The Undergraduate Classroom and Lab Courses II
A New Method of Making and Observing Rock thin-sections for Classrooms
Yoshio Okamoto, Osaka-Kyoiku University (part-time)
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Rock thin-sections are the essential tools for studying geology at K12 or college-level classrooms. They can change boring lectures about rocks to fascinating practices. However, due to the difficulties of preparation, there are a few attempts to use rock thin sections as teaching tools in K12 classrooms. In this regard, we try to improve such conditions using cheap, mass-produced tools, which can be purchased from DIY stores or online net shops(Okamoto, 2020b). For example, a bench grinder and a kitchen knife sharpener are used for a rock saw, and a grinder with costs less than 100USD each. Also, low-cost diamond blades and wet stones less than 30USD are employed as consumables. Our project has simplified and sophisticated the section fabrication technic to a level where even high school students can do it. At the same time, for easy watching thin sections in a classroom, we developed an alternative way instead of using high expensive polarized microscopes. Our handmade polarized units can let an ordinary microscope as a polarized one. Low-cost binocular microscopes and USB microscopes are used for this thin section watching(Okamoto, 2020a). These low-cost polarized microscopes can be used for the petrological study to identify pleochroism, interference colors, extinction angles, textures, etc. In recent days, we are uploading many thin section images with captions as an online thin section library for school use on our website (http://www.yossi-okamoto.net/index_e.html). Also, 3D printed parts and some freeware are now improving our kit-making process and thin section photography. An overview of our methods and recent developments will be presented in the meeting.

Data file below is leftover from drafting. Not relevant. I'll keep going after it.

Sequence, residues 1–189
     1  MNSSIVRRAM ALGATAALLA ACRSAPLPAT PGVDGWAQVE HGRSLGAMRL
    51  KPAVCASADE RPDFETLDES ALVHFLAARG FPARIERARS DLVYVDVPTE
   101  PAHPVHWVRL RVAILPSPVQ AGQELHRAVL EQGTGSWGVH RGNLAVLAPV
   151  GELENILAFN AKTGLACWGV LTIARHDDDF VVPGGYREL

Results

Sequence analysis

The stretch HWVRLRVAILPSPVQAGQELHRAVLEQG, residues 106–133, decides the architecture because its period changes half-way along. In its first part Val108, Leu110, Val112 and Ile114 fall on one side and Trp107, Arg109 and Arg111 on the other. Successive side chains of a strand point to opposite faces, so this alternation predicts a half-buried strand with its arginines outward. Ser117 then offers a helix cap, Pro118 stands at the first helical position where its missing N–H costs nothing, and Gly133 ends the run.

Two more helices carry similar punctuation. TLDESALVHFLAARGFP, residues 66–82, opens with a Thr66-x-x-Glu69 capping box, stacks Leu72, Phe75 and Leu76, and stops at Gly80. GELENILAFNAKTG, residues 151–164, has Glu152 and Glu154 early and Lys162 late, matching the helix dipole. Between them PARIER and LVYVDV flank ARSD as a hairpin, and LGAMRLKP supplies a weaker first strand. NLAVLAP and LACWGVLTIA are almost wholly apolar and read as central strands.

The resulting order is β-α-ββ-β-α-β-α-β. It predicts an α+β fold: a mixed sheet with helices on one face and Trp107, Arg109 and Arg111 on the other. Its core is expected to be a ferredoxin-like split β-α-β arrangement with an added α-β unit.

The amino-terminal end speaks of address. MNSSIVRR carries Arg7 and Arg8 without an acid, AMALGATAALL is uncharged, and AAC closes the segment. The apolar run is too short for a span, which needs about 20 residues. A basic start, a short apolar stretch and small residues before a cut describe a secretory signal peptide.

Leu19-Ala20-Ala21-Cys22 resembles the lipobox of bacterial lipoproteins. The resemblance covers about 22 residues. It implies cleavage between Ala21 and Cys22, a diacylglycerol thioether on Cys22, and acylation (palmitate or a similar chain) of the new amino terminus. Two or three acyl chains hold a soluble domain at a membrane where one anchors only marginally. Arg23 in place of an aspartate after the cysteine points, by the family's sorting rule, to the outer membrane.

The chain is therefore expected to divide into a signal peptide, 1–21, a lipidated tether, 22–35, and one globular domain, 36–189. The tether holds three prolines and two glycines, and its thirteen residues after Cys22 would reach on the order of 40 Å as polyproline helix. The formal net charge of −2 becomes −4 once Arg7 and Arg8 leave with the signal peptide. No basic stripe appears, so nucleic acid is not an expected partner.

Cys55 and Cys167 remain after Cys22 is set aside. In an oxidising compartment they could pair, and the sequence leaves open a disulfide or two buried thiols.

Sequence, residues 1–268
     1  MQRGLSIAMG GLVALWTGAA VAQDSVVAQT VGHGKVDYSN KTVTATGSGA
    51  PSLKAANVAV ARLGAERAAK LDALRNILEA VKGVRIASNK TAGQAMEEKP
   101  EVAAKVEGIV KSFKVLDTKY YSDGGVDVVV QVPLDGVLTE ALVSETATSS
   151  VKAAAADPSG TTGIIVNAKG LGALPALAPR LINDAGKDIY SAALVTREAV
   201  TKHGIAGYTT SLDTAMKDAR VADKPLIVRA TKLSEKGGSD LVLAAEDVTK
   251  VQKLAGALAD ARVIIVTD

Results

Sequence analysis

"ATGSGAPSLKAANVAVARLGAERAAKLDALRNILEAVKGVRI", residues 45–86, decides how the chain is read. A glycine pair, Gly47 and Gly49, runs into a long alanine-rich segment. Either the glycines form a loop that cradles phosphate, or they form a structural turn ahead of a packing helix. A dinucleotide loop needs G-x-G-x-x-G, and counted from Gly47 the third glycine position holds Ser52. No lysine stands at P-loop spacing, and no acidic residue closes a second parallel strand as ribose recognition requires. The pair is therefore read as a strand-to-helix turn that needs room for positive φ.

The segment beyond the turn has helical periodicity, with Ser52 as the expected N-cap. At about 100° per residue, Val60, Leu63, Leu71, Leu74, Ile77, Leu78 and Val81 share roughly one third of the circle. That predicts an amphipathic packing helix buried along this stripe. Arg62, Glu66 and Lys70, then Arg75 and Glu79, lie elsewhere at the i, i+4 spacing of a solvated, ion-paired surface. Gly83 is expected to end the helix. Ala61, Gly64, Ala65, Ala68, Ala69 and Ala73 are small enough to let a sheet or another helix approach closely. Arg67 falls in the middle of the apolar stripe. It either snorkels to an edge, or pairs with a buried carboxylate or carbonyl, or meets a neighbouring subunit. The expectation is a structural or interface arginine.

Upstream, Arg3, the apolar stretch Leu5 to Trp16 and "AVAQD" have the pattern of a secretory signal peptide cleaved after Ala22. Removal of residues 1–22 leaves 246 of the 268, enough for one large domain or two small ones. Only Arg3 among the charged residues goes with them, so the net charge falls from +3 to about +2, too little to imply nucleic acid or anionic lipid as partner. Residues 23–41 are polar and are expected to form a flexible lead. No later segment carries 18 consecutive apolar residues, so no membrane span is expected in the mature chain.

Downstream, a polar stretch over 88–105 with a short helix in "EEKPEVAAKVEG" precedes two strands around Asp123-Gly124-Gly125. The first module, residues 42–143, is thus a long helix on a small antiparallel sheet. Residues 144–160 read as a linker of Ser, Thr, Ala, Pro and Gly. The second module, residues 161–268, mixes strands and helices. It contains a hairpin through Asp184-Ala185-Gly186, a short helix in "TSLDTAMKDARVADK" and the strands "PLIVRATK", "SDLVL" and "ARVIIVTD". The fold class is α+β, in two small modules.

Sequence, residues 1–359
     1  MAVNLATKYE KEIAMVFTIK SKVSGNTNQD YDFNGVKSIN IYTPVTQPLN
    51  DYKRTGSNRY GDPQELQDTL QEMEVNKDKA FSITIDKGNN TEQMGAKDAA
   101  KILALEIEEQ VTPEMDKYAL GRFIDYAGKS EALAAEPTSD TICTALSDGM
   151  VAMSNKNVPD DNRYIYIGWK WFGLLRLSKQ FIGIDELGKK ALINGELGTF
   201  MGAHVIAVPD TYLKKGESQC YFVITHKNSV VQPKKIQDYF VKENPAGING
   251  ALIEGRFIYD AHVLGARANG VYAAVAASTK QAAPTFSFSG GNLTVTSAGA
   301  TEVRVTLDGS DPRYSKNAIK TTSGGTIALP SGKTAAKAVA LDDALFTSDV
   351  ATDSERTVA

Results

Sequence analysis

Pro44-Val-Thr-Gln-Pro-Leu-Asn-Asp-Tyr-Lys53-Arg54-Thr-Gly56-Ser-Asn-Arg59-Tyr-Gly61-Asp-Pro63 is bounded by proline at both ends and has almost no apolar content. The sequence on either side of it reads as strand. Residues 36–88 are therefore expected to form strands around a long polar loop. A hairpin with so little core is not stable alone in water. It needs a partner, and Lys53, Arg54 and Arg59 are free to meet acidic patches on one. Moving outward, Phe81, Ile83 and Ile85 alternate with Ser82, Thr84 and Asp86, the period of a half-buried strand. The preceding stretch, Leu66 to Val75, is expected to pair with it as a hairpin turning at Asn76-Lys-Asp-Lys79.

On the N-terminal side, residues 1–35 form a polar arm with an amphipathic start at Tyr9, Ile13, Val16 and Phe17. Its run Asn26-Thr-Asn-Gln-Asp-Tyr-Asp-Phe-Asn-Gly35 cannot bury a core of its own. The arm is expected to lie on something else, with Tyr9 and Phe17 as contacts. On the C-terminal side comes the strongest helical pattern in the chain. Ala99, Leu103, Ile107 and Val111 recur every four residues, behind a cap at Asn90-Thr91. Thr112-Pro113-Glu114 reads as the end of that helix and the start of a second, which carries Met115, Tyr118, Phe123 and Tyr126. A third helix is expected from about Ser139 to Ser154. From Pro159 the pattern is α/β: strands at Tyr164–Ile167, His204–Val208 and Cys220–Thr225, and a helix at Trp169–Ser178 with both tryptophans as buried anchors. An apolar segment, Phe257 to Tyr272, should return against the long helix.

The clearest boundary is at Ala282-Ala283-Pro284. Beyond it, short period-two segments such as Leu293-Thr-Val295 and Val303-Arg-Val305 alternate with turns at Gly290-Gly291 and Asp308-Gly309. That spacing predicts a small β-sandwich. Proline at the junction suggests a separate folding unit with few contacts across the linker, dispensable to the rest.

Using Field and Laboratory Studies of Pyroclastic Deposits to Engage Students in the Scientific Process and Promote Development of Professional Skills
Jeffrey Templeton, Western Oregon University